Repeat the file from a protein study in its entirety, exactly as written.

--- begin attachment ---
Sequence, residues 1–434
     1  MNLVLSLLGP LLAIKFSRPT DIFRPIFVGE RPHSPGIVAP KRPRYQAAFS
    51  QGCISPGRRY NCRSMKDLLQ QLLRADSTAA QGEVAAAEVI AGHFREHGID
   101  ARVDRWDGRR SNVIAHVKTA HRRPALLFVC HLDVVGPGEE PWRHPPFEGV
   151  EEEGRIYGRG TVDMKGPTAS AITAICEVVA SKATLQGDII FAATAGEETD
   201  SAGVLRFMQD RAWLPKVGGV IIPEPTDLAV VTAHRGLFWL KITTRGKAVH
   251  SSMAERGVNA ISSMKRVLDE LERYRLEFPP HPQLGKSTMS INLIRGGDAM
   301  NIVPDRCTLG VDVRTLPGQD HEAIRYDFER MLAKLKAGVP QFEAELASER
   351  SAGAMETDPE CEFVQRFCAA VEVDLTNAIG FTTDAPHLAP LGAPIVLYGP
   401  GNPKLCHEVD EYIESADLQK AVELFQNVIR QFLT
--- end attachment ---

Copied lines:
Sequence, residues 1–434
     1  MNLVLSLLGP LLAIKFSRPT DIFRPIFVGE RPHSPGIVAP KRPRYQAAFS
    51  QGCISPGRRY NCRSMKDLLQ QLLRADSTAA QGEVAAAEVI AGHFREHGID
   101  ARVDRWDGRR SNVIAHVKTA HRRPALLFVC HLDVVGPGEE PWRHPPFEGV
   151  EEEGRIYGRG TVDMKGPTAS AITAICEVVA SKATLQGDII FAATAGEETD
   201  SAGVLRFMQD RAWLPKVGGV IIPEPTDLAV VTAHRGLFWL KITTRGKAVH
   251  SSMAERGVNA ISSMKRVLDE LERYRLEFPP HPQLGKSTMS INLIRGGDAM
   301  NIVPDRCTLG VDVRTLPGQD HEAIRYDFER MLAKLKAGVP QFEAELASER
   351  SAGAMETDPE CEFVQRFCAA VEVDLTNAIG FTTDAPHLAP LGAPIVLYGP
   401  GNPKLCHEVD EYIESADLQK AVELFQNVIR QFLT